3. It will be observed that the grant was to the manager and to his successors and not to the great-grandfather of the appellants and his heirs. The register shows that the grant was given to the temple to defray the costs of daily pujas therein. In column 8 which is intended to contain the requisite information in the case of grants made for service, appear the words, ” for the daily offerings of the deity service performed “. It is on the strength of these words that the appellants contend that the grant was to their ancestors personally, subject to their defraying the cost of daily pujas in the temple. But this construction cannot be accepted in view of the fact that the register specifically states that the name of the original grantee is the deity of the temple, and in face of the wording of the inam grant we have no doubt that the appellants and their forefathers have regarded the Bodogumala village lands as their own and have so dealt with it. The fact that they have done so does not alter the fact that it was a grant to the temple and not to them. The title to the Bhavanipur lands is based on a patta granted in 1880 to the paternal uncle of the first appellant. It is not necessary to discuss whether the fact that this grant was in the paternal uncle’s name makes any difference because it is admitted by the learned advocate for the appellant that the Bhavanipur lands stand in the same position as the Bodogumala lands and if the Bodogumala lands are temple lands and not family lands the Bhavanipur lands must also be regarded as temple lands. For these reasons we agree with the finding of the learned trial Judge that the appellants’ family does not possess arty right of ownership.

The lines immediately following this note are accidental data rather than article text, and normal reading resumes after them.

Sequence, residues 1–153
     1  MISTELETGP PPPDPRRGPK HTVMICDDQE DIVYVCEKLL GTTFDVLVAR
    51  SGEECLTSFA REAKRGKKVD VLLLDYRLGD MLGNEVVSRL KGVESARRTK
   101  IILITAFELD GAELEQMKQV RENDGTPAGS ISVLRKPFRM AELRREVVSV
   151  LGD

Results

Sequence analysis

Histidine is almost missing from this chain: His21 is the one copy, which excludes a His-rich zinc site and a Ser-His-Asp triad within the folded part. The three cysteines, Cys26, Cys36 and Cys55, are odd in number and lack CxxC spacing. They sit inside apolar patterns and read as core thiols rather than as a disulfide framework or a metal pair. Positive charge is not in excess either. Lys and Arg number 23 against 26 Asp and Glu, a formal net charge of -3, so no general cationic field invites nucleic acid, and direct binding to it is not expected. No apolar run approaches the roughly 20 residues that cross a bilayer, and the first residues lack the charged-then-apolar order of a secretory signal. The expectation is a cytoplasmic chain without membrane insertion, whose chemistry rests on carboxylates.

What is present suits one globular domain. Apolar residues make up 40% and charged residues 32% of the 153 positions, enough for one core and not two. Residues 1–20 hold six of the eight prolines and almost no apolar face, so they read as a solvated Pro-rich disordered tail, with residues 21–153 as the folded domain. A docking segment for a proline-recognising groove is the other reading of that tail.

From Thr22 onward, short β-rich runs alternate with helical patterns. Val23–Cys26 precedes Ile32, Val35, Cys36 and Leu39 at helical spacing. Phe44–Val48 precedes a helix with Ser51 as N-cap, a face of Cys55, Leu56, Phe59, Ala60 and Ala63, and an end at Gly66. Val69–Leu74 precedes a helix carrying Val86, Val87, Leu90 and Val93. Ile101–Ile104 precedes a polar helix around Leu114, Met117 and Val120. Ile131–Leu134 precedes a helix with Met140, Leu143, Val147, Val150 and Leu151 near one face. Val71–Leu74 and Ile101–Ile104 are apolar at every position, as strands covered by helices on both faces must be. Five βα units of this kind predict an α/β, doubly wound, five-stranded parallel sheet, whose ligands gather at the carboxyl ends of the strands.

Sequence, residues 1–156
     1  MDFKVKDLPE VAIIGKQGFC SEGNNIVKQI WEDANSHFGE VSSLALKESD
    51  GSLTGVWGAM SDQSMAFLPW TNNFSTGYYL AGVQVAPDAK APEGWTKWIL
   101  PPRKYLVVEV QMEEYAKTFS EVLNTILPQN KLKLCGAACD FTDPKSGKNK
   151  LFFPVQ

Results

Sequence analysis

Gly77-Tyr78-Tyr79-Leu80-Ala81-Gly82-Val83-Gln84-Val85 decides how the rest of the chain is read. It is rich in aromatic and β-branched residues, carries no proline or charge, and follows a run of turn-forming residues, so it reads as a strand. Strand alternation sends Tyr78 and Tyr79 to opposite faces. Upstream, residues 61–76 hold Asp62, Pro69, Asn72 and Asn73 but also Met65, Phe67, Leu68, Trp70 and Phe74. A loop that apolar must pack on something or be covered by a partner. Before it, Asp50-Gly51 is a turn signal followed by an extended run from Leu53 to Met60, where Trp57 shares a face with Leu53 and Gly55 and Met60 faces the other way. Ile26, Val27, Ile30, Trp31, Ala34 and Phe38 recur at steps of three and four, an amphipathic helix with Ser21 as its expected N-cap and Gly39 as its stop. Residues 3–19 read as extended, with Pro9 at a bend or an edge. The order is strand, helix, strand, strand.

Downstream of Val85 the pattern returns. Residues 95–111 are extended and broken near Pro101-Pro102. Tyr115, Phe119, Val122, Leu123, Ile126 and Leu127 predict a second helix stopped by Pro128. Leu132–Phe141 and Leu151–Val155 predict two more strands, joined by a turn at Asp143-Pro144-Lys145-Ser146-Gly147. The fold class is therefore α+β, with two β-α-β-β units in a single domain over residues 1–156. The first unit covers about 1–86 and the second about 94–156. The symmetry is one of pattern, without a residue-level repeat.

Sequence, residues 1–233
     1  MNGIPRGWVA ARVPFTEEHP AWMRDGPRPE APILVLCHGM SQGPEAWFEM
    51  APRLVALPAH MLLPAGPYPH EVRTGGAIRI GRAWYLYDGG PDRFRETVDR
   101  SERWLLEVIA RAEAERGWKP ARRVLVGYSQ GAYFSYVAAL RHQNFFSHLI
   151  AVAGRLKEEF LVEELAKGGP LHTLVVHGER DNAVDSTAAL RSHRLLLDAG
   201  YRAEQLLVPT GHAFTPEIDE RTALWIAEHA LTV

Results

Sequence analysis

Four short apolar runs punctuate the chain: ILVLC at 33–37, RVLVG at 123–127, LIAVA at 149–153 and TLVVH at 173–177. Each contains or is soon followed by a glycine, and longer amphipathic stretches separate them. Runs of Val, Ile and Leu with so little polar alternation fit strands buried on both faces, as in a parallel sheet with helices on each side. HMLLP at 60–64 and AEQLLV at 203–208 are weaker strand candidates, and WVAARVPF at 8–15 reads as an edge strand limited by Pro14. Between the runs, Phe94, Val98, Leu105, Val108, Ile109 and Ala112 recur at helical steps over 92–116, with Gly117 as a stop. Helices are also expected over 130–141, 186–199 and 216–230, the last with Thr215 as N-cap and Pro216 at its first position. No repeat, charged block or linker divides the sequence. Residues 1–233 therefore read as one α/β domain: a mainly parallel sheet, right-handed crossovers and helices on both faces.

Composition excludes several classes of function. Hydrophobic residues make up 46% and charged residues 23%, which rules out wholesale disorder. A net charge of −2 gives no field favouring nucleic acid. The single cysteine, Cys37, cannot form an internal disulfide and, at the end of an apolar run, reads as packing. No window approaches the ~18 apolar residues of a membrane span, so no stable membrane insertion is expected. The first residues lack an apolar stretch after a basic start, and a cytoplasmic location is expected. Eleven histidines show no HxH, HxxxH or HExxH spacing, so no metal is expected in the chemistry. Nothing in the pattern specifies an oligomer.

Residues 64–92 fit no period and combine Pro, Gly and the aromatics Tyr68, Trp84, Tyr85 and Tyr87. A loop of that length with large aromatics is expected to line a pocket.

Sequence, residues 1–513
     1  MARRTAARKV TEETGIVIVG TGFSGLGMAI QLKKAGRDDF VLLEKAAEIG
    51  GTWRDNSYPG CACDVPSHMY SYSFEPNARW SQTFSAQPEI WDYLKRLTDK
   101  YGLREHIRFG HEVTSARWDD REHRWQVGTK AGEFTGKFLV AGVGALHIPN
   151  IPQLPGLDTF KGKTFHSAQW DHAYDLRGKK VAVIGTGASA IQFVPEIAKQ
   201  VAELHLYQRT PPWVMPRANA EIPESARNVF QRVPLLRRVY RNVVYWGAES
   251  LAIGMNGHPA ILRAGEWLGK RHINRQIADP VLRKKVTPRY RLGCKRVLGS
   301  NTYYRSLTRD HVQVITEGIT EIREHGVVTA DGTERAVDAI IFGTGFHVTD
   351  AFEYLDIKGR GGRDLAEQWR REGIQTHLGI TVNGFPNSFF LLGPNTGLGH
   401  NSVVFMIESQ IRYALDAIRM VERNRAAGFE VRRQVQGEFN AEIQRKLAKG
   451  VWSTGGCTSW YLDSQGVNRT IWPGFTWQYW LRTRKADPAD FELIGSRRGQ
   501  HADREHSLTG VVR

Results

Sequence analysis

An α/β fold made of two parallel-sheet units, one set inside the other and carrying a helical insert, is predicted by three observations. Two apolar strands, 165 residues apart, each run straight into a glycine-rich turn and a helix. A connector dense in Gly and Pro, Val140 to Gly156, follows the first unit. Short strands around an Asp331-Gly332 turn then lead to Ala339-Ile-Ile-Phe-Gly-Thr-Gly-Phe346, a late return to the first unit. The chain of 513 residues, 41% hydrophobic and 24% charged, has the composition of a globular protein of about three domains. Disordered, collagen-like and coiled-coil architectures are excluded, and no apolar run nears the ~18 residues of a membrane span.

4. With regard to the question whether the first appellant is the hereditary trustee of the temple we do not accept the finding of the learned trial Judge. It appears to us on the evidence read in the light of the authorities that the only conclusion open to the Court is the appellants’ family does possess right of appointing the trustee of the temple, which means that it is an excepted temple. There is uncontradicted evidence that the management of this temple has been in the hands of the appellants’ family for four generations. The Madana trustee in 1862, that is, at the time of the inam settlement, was their great grandfather and the office has been held by their H.R.E. paternal grandfather and by their father in succession. It Madras, has not been suggested that any one outside the appellants’ family has ever partaken in the management of the temple. That this justifies the conclusion that the first appellant is the hereditary trustee is to be gathered from the decisions in Ganapati v. Sitharama (1887) I.L.R. 10 Mad. 292 and Rama Das v. Hanumantha Row (1911) 21 M.L.J. 952: I.L.R. 36 Mad. 364. The case of Ganapati v. Sitharama (1887) I.L.R. 10 Mad. 292 dealt with a claim to the office of karnam which had been held by the same family for three generations. The case of Rama Das v. Hanumantha Row (1865) 10 M.I.A. 183 related to temple lands, and a question was raised whether the trusteeship was hereditary in the family of the plaintiff. The members of the family had held the office of trustee continuously for over a hundred years and there was no evidence that it was ever held by any other family. White, C.J. and Phillips, J., considered that this was sufficient to prove the hereditary right which had been set up. In the case of Baboo Gopal hall Thakoor v. Teluck Chunder Rai (1865) 10 M.I.A. 183 their Lordships of the Privy Council held that the absence in the deed of words importing the hereditary character of the tenure was supplied by evidence of long and uninterrupted enjoyment and by the descent of the tenure from father to the son, and that from this hereditary character could be legally presumed. The same opinion was expressed by the Judicial Committee in Rajah Suttosurrun Ghosal v. Moheshchunder Mitte (1868) 12 M.I.A. 263. We have in the case before us proof that the office has been held by the head of the appellants’ family for four successive generations and that it is at present held by the first appellant as the son of his father. Further there is no suggestion that the trusteeship has ever been held outside the appellants’ family. For these reasons we consider that the learned trial Judge was wrong in refusing to regard this as an excepted temple.